For Cherokee County senior citizens who have been sheltering in place during the coronavirus pandemic, people within their support systems have been helping them feel less isolated despite physical distancing.

Staff at Cherokee County Senior Services heard from the families of some of their clients that the seniors were suffering from the isolation of sheltering in place, a virus-control policy implemented over the past several weeks.

“We had been delivering food to our seniors and calling to check in on them to see how they were doing,” said Cherokee County Senior Services Director Tim Morris. “We were recently contacted by several family members of our senior clients with concerns that loved ones were going downhill due to the lack of socialization. We put our heads together and decided to go out and do some entertaining, say hello and let them know we loved and missed them while maintaining safe social distancing measures.”

Senior Services staff members made signs filed with encouraging words and dressed in costumes while delivering donated items to their clients.

“We saw smiles and tears of joy, which brought us tears of joy knowing we could bring some light to their day with all that has been going on,” Morris said.

Cherokee County Senior Services currently delivers food and donated items to roughly 170 clients in the county either through the Meals on Wheels Program or through the Senior Center. They have recently received requests from more than 20 local seniors, who are not clients, seeking assistance with food that they are also helping. If you would like to donate, please contact Cherokee County Senior Services at 770-345-2675. Donation requests include word searches, crossword puzzles, playing cards and personalized cards with encouraging messages.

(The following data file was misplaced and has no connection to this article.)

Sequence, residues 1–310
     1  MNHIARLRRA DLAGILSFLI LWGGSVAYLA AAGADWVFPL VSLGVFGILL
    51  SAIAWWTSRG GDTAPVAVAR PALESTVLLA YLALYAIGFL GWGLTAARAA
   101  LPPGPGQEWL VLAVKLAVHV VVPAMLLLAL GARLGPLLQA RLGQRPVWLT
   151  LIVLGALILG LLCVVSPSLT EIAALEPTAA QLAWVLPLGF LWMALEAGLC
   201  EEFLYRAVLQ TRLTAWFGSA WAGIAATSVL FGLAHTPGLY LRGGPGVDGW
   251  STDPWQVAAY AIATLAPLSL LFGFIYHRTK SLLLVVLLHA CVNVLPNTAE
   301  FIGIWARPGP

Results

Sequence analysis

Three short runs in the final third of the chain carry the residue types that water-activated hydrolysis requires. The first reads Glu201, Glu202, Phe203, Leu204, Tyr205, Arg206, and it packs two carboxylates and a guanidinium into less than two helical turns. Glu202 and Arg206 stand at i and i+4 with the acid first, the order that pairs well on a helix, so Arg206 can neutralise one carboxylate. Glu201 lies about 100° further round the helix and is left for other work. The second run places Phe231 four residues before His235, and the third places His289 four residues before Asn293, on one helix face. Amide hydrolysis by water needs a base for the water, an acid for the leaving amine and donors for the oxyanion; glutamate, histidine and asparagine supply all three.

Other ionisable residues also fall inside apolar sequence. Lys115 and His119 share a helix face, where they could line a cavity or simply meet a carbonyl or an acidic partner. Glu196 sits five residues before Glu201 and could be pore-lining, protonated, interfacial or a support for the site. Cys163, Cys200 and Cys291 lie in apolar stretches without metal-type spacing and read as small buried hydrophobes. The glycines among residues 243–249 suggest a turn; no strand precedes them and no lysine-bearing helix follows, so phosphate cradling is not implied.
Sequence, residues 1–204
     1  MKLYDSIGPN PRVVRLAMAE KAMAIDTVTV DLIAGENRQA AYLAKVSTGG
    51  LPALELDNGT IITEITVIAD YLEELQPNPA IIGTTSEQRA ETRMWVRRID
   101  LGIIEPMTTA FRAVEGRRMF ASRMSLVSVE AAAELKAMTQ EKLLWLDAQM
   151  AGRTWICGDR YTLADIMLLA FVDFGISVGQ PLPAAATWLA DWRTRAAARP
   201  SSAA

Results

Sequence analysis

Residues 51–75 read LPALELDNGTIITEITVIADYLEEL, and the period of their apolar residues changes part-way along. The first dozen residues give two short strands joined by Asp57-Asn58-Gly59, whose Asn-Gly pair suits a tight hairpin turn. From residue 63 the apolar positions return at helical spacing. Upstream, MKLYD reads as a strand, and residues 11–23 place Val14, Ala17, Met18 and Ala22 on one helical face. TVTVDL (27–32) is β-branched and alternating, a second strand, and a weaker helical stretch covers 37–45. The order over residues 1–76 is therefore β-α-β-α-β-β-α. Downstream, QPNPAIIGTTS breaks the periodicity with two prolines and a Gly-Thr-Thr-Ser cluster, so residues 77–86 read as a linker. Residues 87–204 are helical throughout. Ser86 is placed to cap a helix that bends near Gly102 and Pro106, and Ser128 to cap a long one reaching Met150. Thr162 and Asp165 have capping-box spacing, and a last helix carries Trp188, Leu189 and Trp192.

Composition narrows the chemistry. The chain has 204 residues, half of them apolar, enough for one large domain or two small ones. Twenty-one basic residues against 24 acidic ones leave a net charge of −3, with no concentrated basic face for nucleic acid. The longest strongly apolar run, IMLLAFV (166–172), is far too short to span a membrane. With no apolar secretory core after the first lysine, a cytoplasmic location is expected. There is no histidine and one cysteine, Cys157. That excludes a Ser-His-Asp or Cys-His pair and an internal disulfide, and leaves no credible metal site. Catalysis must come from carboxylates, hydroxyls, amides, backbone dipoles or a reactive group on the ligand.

Senior living facilities have also been providing ways for residents to connect with each other and the outside world while staying at home and maintaining the recommended physical distance of 6 feet to reduce the chances of coronavirus infection.

On April 21 The Lodge at BridgeMill residents held a distannt “get-together” when they went out on their balconies and created a shiny spectacle by blowing soap bubbles into the air.

Meanwhile, The Arbor at BridgeMill held a parade to give its residents the opportunity to enjoy an interactive, outdoor event during the COVID-19 pandemic.

”We normally have happy hour on Mondays and Fridays from 3:30 to 4:30 p.m., but because of the social distancing and quarantine we aren’t doing that right now,” Executive Director Jerry Rick said. “Our residents have adhered to our request to quarantine and, since the weather was going to be beautiful, we decide a parade would be a good thing for us to do.”

The procession included the Cherokee Sheriff’s Office, family members, volunteers, staff and community partners. They circled The Arbor community with hand-made signs of love and support in their cars. A Sammy Davis Jr. impersonator, accompanied by Minnie Mouse, provided the entertainment throughout the event, singing several hits from Davis’ career and other classic songs.

Residents watched the procession from their balconies, patios or from the front entrance of the assisted living center, keeping in mind the social distancing requirements.

The quarantine has kept everyone safe, but the residents have not been able to have much interaction with the outside world. Rick said that the senior living area has been doing online and virtual exercise and brain stimulation activities such as puzzles, online memory games, etc. during the pandemic to keep the residents active.

He said that the The Arbor at BridgeMill is also making sure the residents can keep in touch with their families and loved ones during this difficult time via online options.

”There is an engagement team that is responsible for contacting the resident’s families or loved ones so they can coordinate a virtual Zoom or FaceTime to connect families during this difficult time,” he said.

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Ethan is a reporter covering the cities of Holly Springs & Canton. He also covers city governments and lifestyle. He is a graduate of Kennesaw State University.

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